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“Data source types” vs. “types of data sources”

Please can you tell me that what the difference is between "types of data" and "data types". Are they the same?

For example, do these sentences have the same meaning?

  1. This method can be used for different types of data.
  2. This method can be used for different data types.
  • 1
    Same meaning. One's shorter than the other. That's all.
    – user21497
    Dec 6, 2012 at 13:35
  • Thanks Bill, but which one is better for scientific papers?
    – A.Gh
    Dec 6, 2012 at 14:17
  • Either one is fine. It all depends on your writing style. Types of data is a little more formal than data types. The shorter expression is probably better in the abstract where there's a word limit.
    – user21497
    Dec 6, 2012 at 14:19
  • This is a duplicate of easily two dozen questions. Next to impossible to search for. We need a meaningful tag.
    – RegDwigнt
    Dec 6, 2012 at 14:24
  • 1
    @RegDwighт and Matt - I agree that this takes the form of many similar questions, but there is a potential semantic difference in these two terms so I think the question is legitimate. I agree a good tag for this type of question would be helpful.
    – Joel Brown
    Dec 6, 2012 at 14:47

2 Answers 2


If you are a programmer, data types has a connotation which is more specific than types of data.

A data type, when used as technical jargon, implies very specific domain and format restrictions. For example, a "signed integer stored in 32 binary bits".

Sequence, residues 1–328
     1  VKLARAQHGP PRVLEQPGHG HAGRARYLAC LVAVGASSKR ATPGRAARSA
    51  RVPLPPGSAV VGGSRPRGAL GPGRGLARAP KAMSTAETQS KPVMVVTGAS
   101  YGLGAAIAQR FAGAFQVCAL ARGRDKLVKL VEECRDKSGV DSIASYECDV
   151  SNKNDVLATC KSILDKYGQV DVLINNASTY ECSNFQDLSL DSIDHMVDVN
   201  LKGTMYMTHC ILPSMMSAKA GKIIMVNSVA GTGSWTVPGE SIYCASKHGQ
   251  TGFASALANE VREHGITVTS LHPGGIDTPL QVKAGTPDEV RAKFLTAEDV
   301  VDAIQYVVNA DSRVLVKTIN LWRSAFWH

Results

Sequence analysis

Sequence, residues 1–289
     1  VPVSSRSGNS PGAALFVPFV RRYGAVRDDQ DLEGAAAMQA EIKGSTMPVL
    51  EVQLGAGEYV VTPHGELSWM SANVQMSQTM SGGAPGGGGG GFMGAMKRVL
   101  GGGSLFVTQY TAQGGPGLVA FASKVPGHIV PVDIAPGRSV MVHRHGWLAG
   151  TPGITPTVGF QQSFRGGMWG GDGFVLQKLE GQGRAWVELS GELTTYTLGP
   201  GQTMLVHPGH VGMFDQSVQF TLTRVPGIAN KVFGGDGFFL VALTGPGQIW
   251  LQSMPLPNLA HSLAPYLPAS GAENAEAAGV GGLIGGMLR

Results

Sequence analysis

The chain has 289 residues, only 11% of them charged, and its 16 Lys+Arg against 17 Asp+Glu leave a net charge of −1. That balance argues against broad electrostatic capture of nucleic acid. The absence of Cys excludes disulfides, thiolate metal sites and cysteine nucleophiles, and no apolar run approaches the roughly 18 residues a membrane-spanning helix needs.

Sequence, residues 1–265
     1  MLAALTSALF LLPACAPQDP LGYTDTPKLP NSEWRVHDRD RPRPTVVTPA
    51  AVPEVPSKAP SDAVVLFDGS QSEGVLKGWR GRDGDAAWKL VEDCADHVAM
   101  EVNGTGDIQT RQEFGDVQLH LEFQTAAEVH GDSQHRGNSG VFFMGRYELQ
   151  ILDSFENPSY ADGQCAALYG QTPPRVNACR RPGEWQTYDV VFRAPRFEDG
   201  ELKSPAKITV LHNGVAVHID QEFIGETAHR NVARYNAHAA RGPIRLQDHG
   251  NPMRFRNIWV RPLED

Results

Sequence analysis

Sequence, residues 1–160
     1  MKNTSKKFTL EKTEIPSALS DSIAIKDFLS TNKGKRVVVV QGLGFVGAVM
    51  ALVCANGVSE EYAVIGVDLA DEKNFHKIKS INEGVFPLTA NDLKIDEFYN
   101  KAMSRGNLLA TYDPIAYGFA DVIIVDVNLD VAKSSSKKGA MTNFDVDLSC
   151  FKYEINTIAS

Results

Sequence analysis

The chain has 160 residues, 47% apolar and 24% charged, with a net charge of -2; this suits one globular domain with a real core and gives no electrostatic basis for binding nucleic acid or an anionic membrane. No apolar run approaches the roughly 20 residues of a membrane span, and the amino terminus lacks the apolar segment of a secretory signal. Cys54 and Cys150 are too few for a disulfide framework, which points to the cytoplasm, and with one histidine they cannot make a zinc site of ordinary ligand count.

If you intend to discuss this particular jargon meaning, then you should definitely use data types. If you intend the non-jargon meaning, then both expressions are equally valid. Since you are asking about use in a scientific paper, you should be careful that the jargon meaning isn't mistakenly inferred by readers if the context of your paper is such that this confusion is likely.


I basically agree with JoelBrown, but let me elaborate a little.

In the IT world, as JoelBrown says, a "data type" is a technical term referring to a specific format of data, like "32-bit integer" or "date stored as the number of days since Jan 1, 1970". Or arguably in a slightly more general sense to refer to a category of data that can be used in specified ways in a given programming language or other software product, like "string" or "boolean". (The difference I am getting at here is that we may not care exactly how, say, a boolean is stored, whether it is a single bit, an integer where zero means false and non-zero means true, the character T or F, etc. We just care how it works in the program.)

"Type of data" would be read by most IT people as a general phrase whose exact meaning must be determined by context, rather than as a technical term with a well-established meaning.

Thus, if you wanted to say that your programming language supports both 32 and 64 bit integers, you should refer to these as "data types". But if you want to distinguish how your software product uses data imported from other systems versus how it uses data entered directly by the user, you should call these "two types of data".

(It suddenly occurs to me that your question may have nothing to do with IT. If you are talking about different kinds of data in a statistical analysis with no reference to whether that data was collected and processed on a computer or manually, then nothing I've said applies. :-)

  • Thank you very much. Honestly, I'm master student in computer science and I'm writing a paper in bio-informatics field. So, what I said is about some data such DNA, RNA or protein sequences. My algorithm also works with morphological attributes in organisms like feather, color of eyes, ... as input data.
    – A.Gh
    Dec 6, 2012 at 20:14

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